Other reformer DAs are lining up to support CDT-endorsed Los Angeles DA candidate George Gascón as they seek to grow a national criminal justice reform movement. ”The unfolding March 2020 contest between Gascón and Lacey promises to become a nationally watched — and funded — race, and it poses a prominent test for the movement in a massive and influential jurisdiction that was once among the principal drivers of mass incarceration.” Per Politico, law enforcement unions are coming out strongly against Gascón, with the LA Police Protective League now having invested $1 million in an anti-Gascón PAC.


CDT-endorsed Contra Costa District Attorney Diana Becton will clear marijuana convictions of 2,400 people under Proposition 64, “which removed certain marijuana offenses from the state penal code.”


Proposition 47, which reduced some felonies to misdemeanors, “is projected to save a record $122.5 million next fiscal year by keeping 4,569 inmates out of state prisons.” However, Prop 47 is facing a challenging ballot measure, co-written by Assemblymember Jim Cooper, that would roll back some of the reforms and allow law enforcement to charge theft and fraud crimes as felonies again. 


Inland Empire

CDT partner Inland Empire United won their court battle to have Dawn Rowe removed from the San Bernardino Board of Supervisors. Rowe had been illegally appointed by the Board, and IE United had opposed the appointment to “[protect] public transparency and accountability for our elected officials.” (quote from IE United executive director, Michael Gomez Daly). Gavin Newsom will appoint a new Supervisor for District 3.


CDT ally Karthick Ramakrishnan’s UC Riverside’s Center for Social Innovation released a report on Inland Empire civic engagement that “showed an 84% increase in Inland voting between 2014 and 2018, including a 260% surge in voting by 18- to 24-year-olds, a 214% surge among 25- to 34-year-old voters and a 159% surge in voting by Latinos in those age groups,” setting the IE up as a key region in the 2020 election, including the presidential primary race. 


Orange County

Per Politico, The Democratic Congressional Campaign Committee is focusing on protecting Democratic incumbents in the Orange County. A new six-figure program led by Representative Judy Chu will focus on Asian-American and Pacific Islander voters as a “critical component of the path to victory.”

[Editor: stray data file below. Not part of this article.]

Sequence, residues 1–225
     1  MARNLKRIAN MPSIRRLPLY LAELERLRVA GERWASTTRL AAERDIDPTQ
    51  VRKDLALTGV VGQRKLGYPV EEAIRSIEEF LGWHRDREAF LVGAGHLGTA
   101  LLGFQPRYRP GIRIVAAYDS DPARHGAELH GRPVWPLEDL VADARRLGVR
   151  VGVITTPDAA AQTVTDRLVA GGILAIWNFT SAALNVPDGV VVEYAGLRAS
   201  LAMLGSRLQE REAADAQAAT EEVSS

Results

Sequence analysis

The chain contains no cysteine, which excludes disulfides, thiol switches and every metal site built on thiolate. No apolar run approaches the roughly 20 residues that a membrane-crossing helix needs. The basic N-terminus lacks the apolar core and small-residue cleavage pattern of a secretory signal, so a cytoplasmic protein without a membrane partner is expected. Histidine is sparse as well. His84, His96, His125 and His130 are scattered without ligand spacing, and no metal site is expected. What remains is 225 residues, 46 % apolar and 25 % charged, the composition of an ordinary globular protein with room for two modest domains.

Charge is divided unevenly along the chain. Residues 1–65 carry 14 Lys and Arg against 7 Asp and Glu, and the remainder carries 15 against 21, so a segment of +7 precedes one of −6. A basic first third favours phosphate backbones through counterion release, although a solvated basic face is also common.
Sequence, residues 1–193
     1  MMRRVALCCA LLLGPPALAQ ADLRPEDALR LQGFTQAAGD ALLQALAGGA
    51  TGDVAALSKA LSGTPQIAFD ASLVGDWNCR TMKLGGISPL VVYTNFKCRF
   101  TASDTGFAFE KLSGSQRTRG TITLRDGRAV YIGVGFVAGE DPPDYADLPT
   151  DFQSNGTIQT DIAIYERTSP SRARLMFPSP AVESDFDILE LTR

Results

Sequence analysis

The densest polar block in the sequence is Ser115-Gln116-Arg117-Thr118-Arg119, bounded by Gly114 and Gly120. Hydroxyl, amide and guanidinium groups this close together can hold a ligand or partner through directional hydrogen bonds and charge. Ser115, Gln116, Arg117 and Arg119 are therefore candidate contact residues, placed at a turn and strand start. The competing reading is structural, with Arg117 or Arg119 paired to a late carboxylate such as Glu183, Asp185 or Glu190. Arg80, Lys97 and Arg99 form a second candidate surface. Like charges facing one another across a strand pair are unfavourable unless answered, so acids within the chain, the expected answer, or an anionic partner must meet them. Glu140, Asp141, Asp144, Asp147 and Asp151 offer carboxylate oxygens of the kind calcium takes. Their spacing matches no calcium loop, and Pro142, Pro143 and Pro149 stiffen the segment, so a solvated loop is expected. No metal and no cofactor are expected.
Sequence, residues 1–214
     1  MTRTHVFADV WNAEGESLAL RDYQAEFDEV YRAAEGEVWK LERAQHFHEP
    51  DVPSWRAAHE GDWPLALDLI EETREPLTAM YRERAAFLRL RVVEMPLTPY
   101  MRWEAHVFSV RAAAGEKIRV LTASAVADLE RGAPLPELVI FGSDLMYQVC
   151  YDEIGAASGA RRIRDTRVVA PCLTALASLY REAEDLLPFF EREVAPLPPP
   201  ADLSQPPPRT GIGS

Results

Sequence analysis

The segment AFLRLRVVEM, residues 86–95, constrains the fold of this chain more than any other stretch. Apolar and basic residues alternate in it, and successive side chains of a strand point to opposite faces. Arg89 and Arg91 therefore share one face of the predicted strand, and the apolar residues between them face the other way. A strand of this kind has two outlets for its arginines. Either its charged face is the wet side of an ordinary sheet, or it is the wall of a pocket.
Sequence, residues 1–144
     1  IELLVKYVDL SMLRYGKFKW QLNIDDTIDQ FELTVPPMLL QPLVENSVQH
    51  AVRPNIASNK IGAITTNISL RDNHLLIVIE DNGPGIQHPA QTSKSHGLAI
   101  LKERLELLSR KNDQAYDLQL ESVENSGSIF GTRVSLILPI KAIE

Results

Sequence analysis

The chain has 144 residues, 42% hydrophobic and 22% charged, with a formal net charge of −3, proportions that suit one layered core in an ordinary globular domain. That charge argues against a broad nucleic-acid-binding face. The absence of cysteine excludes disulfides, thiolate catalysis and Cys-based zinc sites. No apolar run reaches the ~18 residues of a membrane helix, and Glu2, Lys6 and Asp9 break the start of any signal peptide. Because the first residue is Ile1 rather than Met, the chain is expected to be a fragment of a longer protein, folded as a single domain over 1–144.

Social Justice

Low- and middle-income people are leaving California at greater rates than the wealthy.


California and 13 other states sue to block the federal administration’s new rule that would eliminate food stamps for 688,000 nationally.


A California appeals court ruled that California cities have to comply with sanctuary state policies.


The rate of sexual assault and rape of women farmworkers is likely higher than the national average (though currently no statistics capture the problem). Some rape crisis centers in CA are successfully working with women farmworkers, though the barriers are significant enough that there is not the level of need support.



According to polling of California voters by the Public Policy Institute of California, homelessness is the priority issue they want the governor and state lawmakers to address.


In his recently announced budget proposal, Governor Newsom wants to dedicate $750 million to help housing the homeless, and his homelessnes task force has proposed a ballot measure to require local and state governments to increase housing and services. 


CDT-endorsed Assemblymember Luz Rivas introduced a bill to establish an Office to End Homelessness. She has also introduced a bill that would require climate change to be taught in schools. 


CalMatters looks at how California’s policies have been adopted on presidential candidate’s campaign platform, which demonstrates how California still needs to push to continue to lead on progressive policies.